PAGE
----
Affected Bodo community that had sued the energy giant rejects its offer of US $50 million as compensation
A landmark ruling by a UK court on June 20 has paved the way for energy giant Shell to be finally held accountable for the devastating oil spills in the Niger Delta. The two oil spills, first in 2008 and then 2009, from its rusting trans-Niger pipeline near the fishing village of Bodo had flooded swamps and creeks, contaminated fishing grounds, destroyed livelihoods and jeopardised the health of thousands of people.
But Shell is yet to clean up the spills, which prompted 15,000 villagers in 2011 to approach a court in London, where the company’s central office is located.
In the judgment, which lawyers say could be the first of the “largest ever” environmental trial, the London Technological and Construction Court said that Shell’s Nigerian subsidiary could be liable if it were proven that it did not take reasonable steps to protect and maintain the pipeline from thefts which have plagued the key African oil producer. “Short of a policing or military or paramilitary defence of the pipeline, it is my judgement that the protection requirement involves a general shielding and caring obligation,” the judge said in a ruling.
For years the company has blamed the massive oil pollution associated with its operations on theft of oil and other illegal activities. But it has not taken reasonable steps to protect its infrastructure, including installing leak detection systems, surveillance equipment and anti-tamper equipment. Though such measures are considered mandatory in oilfields in the developed world, Shell does not have such equipment in its Nigerian fields.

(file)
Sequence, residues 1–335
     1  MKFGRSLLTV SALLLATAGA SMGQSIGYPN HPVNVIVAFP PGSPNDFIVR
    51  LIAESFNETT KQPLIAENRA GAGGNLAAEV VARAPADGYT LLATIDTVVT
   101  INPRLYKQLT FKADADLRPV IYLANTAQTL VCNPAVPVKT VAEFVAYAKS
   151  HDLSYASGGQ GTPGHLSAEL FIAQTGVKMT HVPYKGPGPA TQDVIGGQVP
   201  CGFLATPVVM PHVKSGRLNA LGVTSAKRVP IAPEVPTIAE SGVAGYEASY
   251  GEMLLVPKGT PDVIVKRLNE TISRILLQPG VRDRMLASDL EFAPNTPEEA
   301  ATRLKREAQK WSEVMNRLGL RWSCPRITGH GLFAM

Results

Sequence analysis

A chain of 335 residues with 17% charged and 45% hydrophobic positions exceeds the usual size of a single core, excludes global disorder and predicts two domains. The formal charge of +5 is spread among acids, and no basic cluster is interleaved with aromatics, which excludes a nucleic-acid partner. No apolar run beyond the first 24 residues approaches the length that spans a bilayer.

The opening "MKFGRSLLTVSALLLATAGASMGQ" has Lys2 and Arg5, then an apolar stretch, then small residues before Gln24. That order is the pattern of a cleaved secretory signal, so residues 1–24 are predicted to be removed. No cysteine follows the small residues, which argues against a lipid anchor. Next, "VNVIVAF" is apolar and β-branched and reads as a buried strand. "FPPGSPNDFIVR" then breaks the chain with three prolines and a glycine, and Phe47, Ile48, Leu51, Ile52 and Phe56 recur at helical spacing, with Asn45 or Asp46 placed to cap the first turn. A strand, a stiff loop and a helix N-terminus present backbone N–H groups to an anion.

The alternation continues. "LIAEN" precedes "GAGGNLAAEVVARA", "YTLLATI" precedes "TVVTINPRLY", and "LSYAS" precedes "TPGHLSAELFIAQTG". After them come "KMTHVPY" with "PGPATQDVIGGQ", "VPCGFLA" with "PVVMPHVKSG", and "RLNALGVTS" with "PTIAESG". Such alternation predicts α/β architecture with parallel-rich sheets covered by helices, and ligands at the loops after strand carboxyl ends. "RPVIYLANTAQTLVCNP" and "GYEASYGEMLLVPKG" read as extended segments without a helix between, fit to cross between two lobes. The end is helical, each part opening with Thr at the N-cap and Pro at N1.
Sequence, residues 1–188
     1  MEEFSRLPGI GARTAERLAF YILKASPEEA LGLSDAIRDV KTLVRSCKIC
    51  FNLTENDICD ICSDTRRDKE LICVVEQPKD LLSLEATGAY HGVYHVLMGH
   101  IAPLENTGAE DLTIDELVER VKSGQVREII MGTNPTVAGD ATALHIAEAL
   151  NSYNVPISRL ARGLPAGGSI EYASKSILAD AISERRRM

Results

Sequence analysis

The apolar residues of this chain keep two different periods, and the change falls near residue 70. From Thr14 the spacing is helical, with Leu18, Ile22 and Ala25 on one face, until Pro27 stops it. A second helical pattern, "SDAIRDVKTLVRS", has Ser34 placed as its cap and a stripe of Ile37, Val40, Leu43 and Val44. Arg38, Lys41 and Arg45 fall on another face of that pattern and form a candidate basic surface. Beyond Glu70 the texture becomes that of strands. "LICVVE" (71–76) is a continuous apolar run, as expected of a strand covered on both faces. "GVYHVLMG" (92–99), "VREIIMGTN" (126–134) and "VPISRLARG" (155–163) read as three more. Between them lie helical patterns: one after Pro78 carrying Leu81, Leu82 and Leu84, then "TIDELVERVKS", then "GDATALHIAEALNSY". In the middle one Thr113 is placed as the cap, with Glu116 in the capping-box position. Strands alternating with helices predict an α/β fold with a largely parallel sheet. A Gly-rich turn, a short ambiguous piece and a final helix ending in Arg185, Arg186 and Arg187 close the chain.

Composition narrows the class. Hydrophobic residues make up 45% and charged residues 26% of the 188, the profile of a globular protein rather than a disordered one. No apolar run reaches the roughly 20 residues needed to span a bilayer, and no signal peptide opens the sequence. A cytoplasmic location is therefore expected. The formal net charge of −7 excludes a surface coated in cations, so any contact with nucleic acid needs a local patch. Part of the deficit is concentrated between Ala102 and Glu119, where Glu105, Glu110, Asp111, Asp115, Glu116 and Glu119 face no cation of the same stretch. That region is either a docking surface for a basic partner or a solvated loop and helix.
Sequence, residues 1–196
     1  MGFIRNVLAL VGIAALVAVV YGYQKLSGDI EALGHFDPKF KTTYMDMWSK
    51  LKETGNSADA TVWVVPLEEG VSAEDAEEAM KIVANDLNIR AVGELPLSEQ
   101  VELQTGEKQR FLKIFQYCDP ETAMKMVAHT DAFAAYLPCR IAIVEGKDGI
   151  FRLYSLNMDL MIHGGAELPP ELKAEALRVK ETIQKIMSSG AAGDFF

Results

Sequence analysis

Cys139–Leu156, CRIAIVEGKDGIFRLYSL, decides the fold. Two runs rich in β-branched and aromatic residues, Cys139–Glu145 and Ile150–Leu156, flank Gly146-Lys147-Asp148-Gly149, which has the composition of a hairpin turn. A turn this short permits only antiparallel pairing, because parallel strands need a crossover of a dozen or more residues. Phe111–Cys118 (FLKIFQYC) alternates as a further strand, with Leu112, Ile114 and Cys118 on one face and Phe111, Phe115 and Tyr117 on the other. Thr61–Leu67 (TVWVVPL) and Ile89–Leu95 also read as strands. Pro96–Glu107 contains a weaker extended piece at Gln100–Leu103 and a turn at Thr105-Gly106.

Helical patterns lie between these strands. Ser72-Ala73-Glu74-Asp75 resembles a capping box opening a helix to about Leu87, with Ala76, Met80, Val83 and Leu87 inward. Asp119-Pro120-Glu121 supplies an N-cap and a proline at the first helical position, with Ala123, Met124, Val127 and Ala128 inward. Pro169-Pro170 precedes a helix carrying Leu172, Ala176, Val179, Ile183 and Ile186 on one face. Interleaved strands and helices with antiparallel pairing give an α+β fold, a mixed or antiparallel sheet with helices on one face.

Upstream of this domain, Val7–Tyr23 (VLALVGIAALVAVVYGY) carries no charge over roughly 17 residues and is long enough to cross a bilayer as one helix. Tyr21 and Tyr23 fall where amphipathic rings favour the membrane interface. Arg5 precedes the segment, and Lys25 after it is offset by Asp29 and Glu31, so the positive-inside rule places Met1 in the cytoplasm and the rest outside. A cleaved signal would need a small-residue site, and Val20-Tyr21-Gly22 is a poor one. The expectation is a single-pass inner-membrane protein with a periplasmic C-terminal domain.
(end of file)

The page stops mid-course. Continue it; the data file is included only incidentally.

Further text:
Following the judgement, Amnesty’s Corporate Accountability Campaigner, Joe Westby, said: “For more than five years the people of Bodo have been living day by day with the devastating consequences of these spills. Today’s judgment is an important step towards justice for the deprivations this community has had to suffer.”
Shell, however, played down the judgement. Mutiu Sunmonu, managing director of Shell Nigeria, said the company has accepted responsibility for the “deeply regrettable” spills and urged the fishermen to accept Shell's “sensible and fair compensation offers”.
Martyn Day of London law firm Leigh Day, which represents the Bodo community, said Shell's offer of 30 million pounds (more than US $50 million) amounted to about US $1,700 for each of the 30,000 people who lost their livelihoods. He called it “laughable”.
The next trial on the merits of the case is expected to take place at the High Court in London in May 2015. This is the first time Shell has faced formal proceedings in the UK for its role in the Niger Delta pollution.
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